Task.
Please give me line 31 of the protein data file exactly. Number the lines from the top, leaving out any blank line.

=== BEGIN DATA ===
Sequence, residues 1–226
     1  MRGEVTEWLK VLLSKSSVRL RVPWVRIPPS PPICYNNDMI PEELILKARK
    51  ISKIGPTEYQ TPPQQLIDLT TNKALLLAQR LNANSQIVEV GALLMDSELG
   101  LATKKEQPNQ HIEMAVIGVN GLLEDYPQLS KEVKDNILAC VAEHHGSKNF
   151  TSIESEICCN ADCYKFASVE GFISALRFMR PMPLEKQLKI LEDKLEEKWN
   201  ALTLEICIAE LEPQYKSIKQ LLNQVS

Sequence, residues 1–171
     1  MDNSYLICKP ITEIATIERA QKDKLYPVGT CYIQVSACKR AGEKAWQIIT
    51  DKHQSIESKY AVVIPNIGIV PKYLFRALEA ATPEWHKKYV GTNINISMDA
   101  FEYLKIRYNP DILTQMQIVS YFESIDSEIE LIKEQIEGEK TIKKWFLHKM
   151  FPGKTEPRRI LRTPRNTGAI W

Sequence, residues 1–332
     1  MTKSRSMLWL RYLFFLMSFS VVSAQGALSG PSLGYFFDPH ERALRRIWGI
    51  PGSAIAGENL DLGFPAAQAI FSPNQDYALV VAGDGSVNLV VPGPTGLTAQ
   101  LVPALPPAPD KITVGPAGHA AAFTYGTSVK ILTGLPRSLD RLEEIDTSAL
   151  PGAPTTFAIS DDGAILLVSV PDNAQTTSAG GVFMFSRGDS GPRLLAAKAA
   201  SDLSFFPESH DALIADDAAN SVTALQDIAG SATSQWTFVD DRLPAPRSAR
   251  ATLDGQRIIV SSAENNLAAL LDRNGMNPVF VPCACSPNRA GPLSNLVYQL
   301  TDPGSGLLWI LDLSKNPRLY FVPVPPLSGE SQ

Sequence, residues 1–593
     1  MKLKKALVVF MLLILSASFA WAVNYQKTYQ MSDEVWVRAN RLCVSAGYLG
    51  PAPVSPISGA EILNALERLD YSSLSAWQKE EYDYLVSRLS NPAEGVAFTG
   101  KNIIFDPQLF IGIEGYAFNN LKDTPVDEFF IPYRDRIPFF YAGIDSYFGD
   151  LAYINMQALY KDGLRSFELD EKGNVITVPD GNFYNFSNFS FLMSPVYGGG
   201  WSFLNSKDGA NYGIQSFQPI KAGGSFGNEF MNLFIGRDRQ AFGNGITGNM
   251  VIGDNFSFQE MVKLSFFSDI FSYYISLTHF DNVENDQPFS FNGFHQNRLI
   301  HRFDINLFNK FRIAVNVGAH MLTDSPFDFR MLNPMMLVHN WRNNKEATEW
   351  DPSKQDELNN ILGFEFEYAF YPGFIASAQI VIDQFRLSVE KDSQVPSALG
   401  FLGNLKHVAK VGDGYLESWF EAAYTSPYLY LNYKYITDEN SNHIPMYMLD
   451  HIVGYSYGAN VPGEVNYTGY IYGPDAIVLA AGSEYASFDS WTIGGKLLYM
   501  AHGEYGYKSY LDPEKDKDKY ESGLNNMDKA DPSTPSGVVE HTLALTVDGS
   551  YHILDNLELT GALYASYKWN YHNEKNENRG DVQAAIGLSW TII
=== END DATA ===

   501  AHGEYGYKSY LDPEKDKDKY ESGLNNMDKA DPSTPSGVVE HTLALTVDGS